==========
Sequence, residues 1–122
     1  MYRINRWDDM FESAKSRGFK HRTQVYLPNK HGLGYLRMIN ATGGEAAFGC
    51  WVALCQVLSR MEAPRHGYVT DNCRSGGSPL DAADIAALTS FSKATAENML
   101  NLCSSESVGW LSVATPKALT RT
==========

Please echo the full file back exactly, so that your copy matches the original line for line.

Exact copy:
Sequence, residues 1–122
     1  MYRINRWDDM FESAKSRGFK HRTQVYLPNK HGLGYLRMIN ATGGEAAFGC
    51  WVALCQVLSR MEAPRHGYVT DNCRSGGSPL DAADIAALTS FSKATAENML
   101  NLCSSESVGW LSVATPKALT RT